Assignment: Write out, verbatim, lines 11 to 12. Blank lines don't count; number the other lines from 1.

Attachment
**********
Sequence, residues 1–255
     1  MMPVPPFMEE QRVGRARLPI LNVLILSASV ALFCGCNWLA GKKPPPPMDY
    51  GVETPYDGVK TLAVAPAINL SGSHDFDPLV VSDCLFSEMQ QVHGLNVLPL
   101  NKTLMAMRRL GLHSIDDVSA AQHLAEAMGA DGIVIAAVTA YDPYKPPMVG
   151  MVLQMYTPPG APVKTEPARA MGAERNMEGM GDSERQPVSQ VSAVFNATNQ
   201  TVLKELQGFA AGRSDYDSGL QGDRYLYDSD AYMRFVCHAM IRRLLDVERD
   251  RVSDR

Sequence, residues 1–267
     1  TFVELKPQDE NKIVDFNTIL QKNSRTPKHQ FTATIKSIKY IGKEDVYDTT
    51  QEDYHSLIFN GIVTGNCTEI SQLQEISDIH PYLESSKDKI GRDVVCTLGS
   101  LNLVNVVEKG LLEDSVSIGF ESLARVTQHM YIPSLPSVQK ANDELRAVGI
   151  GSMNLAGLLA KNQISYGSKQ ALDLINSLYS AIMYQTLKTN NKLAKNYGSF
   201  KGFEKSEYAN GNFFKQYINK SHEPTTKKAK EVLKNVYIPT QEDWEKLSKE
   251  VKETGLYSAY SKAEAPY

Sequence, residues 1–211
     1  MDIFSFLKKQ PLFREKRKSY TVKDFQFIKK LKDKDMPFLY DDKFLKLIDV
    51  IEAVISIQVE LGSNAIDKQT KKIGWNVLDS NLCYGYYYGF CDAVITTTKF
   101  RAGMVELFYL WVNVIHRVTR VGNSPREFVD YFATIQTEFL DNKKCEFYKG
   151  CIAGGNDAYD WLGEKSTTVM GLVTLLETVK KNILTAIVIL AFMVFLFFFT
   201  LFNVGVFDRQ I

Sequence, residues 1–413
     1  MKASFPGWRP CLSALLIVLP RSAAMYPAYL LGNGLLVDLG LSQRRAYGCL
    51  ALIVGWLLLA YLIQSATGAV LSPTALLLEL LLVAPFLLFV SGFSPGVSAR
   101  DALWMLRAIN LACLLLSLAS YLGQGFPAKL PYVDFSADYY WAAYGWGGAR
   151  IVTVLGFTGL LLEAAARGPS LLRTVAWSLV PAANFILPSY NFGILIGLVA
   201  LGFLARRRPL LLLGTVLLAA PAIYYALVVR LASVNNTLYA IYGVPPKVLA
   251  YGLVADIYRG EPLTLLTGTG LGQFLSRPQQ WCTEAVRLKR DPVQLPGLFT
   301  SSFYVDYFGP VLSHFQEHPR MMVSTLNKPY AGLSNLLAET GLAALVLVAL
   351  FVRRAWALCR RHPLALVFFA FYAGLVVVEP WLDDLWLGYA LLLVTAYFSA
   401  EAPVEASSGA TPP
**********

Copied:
   101  LNLVNVVEKG LLEDSVSIGF ESLARVTQHM YIPSLPSVQK ANDELRAVGI
   151  GSMNLAGLLA KNQISYGSKQ ALDLINSLYS AIMYQTLKTN NKLAKNYGSF